It says something about the transformation of Washington’s economy that a building on McPherson Square built as headquarters of the Southern Railway is now filled with law firms and the Soap and Detergent Association. An old printing plant in Eckington where National Geographic was once produced now contains studios of Sirius XM Radio, and a former Chesapeake & Potomac Telephone Company warehouse on North Capitol Street is being converted to the headquarters of National Public Radio. A lumber warehouse in Shaw, built in 1906, is now used by Bread for the City, which provides food, clothing, and medical care for the poor.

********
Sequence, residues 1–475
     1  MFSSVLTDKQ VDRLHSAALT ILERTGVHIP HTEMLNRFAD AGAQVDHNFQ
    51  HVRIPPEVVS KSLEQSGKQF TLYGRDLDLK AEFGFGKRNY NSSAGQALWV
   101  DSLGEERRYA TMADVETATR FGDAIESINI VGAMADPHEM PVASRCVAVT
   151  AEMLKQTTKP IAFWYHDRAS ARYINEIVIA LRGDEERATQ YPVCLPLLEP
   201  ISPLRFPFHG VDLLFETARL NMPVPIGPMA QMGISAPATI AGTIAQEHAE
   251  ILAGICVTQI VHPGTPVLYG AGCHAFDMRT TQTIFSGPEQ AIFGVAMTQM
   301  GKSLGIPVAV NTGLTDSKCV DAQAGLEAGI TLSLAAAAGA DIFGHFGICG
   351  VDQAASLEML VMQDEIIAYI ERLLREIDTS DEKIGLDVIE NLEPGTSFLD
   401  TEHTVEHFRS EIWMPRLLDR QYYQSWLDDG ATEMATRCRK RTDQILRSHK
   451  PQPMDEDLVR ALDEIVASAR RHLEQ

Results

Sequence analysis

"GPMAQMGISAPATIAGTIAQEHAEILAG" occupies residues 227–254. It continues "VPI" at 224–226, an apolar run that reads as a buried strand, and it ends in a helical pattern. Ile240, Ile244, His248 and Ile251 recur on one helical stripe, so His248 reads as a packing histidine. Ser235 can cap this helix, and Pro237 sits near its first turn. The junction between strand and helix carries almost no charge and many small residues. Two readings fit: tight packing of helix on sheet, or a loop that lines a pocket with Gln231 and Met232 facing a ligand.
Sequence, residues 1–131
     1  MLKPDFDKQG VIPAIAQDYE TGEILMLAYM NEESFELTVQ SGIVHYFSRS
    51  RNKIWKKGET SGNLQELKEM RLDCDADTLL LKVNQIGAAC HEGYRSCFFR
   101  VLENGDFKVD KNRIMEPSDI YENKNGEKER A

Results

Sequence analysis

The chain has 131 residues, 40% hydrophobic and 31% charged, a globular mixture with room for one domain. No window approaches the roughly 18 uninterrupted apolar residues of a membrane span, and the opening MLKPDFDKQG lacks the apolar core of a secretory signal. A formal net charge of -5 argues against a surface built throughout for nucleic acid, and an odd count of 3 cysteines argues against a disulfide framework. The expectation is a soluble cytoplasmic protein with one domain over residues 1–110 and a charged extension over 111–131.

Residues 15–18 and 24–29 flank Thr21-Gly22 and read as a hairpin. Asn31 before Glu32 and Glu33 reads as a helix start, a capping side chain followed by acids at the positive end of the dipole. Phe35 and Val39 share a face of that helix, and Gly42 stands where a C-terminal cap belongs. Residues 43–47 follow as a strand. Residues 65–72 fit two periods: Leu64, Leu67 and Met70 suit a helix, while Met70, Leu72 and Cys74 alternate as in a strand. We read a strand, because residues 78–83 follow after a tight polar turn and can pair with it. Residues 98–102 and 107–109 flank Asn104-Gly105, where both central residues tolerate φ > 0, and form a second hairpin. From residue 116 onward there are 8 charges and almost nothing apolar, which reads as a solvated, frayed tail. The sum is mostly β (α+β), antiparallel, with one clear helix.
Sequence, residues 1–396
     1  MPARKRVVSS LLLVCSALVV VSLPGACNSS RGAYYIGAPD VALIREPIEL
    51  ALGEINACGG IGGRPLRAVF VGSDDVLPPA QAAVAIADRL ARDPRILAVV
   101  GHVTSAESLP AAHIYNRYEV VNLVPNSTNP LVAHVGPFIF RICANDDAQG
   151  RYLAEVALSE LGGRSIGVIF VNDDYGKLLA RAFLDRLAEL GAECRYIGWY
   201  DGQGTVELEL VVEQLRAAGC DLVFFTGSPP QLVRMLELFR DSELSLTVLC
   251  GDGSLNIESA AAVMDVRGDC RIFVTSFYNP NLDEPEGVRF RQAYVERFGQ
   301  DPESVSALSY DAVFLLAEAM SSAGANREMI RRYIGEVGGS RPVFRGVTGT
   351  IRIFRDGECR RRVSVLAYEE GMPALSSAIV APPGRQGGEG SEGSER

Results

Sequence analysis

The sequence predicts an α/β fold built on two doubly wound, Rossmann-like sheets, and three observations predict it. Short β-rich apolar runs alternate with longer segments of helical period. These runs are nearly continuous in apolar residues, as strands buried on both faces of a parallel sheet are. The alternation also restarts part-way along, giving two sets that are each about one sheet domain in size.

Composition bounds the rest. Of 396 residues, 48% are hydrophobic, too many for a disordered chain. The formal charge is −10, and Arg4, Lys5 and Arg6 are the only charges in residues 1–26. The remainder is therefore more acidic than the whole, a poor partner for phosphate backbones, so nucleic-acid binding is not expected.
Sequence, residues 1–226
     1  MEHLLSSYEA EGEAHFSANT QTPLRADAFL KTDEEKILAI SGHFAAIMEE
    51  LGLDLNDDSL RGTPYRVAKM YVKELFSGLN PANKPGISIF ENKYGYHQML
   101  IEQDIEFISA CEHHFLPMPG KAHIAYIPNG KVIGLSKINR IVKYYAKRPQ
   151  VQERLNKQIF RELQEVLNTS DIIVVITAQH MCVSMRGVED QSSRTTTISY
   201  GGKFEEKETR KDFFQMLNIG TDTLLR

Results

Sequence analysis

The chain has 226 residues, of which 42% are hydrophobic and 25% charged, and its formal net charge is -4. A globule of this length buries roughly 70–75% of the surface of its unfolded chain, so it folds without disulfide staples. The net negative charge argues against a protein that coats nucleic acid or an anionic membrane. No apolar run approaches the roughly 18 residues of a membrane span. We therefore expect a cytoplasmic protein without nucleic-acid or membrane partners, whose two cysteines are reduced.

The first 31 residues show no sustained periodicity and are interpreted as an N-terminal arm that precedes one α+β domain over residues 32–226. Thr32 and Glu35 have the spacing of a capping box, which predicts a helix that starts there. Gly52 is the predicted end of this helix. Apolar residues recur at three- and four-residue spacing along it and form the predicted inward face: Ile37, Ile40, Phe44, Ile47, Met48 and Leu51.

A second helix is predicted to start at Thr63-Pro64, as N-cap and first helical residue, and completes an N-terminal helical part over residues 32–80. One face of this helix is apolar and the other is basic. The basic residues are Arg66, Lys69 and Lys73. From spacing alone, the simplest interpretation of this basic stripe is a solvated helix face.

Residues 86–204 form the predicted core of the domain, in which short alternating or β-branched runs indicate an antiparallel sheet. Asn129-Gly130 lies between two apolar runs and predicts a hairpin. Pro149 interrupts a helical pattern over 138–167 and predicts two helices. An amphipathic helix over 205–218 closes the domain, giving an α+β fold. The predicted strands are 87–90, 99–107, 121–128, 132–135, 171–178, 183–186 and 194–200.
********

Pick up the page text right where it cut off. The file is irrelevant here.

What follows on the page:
The city’s boom in museums owes much to their natural fit with historic buildings looking for a new life. The National Building Museum found a home in the Pension Building, built in the 1880s to serve the needs of Civil War veterans, and the National Museum of Women in the Arts is located in a Masonic temple built in 1908. Locally, the Smithsonian has four off-the-Mall museums in historic buildings—the Renwick, which had been used most recently as a court building; the National Postal Museum, housed in an old post office next to Union Station; and the National Portrait Gallery and American Art Museum, which share the onetime Patent Office that was begun in 1836. The International Spy Museum occupies buildings that were constructed in the 1870s and sat empty for decades, and a new Armenian holocaust museum will be occupying an elegant old bank building on 14th Street.